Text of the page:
So, did you get as big a kick as I did out of our president's feeble attempt recently to cajole the Saudis into increasing oil production to help us in our time of need? Can you imagine the most powerful country in the world having to go, hat in hand (or should I say hand-in-hand), to the terrorist-harboring sheikhs, to beg them for more oil? Especially when our messenger (and his family) are business partners with those sheikhs? Well, if it's any consolation, the Saudis are (hopefully) about to get their comeuppance when (and if) Congress passes the law known, colloquially, as "NOPEC" Then, at least, we can sue the bastards for their anti-competitive behavior. That is, provided the prez doesn't veto the measure, as he's (not surprisingly) promised. Then, of course, there's the move afoot in Congress to cut off arms sales to the Saudis. See, even though they've got us by the scrotum, and aren't reluctant to squeeze from time to time, we still sell them sophisticated weapons systems. Well, two can play that game. No additional oil? No additional weapons. Makes sense to me.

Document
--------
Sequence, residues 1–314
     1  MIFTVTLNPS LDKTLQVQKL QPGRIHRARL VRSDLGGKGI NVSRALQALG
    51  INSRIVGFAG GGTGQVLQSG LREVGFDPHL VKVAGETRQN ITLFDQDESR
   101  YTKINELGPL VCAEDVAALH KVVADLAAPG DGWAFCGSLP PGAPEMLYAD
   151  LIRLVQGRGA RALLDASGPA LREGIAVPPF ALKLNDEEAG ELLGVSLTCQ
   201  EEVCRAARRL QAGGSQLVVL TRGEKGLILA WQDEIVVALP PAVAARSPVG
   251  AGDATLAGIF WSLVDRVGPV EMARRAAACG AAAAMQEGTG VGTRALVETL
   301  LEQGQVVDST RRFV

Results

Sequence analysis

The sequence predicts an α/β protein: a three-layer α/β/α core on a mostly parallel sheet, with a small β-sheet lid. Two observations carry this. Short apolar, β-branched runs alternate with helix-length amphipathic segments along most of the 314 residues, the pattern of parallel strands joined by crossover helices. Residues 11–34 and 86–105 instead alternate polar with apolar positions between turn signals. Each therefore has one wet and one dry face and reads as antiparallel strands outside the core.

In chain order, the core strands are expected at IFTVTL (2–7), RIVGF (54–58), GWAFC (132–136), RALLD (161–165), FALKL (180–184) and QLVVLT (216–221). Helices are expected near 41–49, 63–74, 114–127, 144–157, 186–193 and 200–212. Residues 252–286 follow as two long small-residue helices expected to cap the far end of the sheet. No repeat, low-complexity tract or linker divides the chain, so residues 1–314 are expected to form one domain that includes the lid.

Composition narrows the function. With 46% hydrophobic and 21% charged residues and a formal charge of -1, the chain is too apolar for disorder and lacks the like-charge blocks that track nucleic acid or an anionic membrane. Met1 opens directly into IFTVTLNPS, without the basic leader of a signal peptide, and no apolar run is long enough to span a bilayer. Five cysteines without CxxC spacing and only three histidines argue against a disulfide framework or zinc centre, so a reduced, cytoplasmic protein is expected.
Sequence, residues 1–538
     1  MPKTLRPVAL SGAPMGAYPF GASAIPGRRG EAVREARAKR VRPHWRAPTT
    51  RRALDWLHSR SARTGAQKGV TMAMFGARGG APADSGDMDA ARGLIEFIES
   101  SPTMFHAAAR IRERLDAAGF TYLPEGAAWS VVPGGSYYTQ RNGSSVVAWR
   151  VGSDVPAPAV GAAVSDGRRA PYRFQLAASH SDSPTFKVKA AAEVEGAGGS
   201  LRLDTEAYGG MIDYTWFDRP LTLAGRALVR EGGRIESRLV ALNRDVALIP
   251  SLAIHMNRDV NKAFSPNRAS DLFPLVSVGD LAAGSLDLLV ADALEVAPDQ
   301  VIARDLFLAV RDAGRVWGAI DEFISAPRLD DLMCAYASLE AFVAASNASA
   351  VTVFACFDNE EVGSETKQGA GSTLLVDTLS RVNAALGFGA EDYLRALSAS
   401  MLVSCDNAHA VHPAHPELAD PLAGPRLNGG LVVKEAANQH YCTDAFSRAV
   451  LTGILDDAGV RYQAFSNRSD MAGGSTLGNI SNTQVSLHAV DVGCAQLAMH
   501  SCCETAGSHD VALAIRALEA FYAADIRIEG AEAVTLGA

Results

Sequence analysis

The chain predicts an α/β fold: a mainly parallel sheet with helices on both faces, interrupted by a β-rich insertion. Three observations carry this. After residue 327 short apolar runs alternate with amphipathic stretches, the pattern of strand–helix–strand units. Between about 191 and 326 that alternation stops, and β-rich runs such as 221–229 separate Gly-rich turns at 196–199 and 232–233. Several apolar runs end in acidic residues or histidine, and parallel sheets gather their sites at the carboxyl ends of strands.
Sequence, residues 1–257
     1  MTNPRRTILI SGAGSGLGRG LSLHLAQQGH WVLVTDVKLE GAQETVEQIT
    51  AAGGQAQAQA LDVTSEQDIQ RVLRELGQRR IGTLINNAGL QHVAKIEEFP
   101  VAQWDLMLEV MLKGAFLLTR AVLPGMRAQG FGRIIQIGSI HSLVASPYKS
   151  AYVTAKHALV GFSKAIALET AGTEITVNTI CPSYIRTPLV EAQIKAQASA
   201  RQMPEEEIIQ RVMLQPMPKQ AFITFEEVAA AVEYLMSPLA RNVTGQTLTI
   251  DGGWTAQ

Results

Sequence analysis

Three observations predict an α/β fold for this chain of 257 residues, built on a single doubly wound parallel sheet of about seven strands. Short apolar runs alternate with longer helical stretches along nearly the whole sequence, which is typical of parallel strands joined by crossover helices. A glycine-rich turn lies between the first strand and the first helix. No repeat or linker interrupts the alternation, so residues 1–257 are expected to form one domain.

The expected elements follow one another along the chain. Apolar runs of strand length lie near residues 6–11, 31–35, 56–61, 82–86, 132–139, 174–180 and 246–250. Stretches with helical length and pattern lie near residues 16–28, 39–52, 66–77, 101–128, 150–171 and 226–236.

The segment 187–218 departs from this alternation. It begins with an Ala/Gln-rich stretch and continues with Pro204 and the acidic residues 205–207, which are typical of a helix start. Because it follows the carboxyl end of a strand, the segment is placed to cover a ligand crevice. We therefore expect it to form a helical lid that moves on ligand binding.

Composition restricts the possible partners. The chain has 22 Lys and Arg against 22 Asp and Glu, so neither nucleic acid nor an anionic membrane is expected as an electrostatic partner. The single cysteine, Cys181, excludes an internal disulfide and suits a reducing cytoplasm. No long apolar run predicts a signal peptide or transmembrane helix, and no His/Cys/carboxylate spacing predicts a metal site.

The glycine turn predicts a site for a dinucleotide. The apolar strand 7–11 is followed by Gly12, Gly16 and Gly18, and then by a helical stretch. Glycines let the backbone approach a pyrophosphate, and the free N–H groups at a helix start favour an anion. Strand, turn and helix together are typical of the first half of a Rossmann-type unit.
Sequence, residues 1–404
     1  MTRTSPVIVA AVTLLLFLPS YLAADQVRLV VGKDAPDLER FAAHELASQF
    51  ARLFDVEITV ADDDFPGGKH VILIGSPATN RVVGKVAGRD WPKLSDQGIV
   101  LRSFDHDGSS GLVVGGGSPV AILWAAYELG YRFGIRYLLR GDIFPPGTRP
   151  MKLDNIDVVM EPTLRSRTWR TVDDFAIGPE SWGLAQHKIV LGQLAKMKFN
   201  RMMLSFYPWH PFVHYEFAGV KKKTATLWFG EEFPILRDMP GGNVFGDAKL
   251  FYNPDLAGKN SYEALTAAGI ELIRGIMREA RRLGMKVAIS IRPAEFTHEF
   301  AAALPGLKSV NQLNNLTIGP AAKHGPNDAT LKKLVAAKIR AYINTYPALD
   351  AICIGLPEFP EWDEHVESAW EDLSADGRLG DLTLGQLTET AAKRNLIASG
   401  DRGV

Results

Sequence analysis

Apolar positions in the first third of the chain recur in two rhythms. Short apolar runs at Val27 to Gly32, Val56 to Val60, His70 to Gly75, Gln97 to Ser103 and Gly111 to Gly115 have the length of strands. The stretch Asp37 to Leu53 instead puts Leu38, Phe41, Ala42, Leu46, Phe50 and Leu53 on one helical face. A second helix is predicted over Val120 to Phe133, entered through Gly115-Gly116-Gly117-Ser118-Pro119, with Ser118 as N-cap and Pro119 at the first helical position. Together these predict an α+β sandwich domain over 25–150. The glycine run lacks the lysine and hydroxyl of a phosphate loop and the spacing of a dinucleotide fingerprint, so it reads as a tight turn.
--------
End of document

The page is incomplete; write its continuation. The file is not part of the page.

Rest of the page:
I'm no economist, but I do know that in a truly free market, the price of commodities is based on supply and demand. What's more, Economics 101 teaches us that any business that depends on raw materials is going to see its profits go down when the price of those raw materials goes up. Well, welcome to the wild and woolly oil market. Even though demand for petroleum products has actually been going down recently (and fairly dramatically), that hasn't affected the upward spiral in gas prices. What's more, the higher the cost of the raw material necessary to make gasoline (i.e., oil) has gone, the higher the oil companies' profits have as well. All of this is contrary to conventional economic theory, and can be explained by what we all suspect: the price of oil (and, therefore of its products) is being manipulated.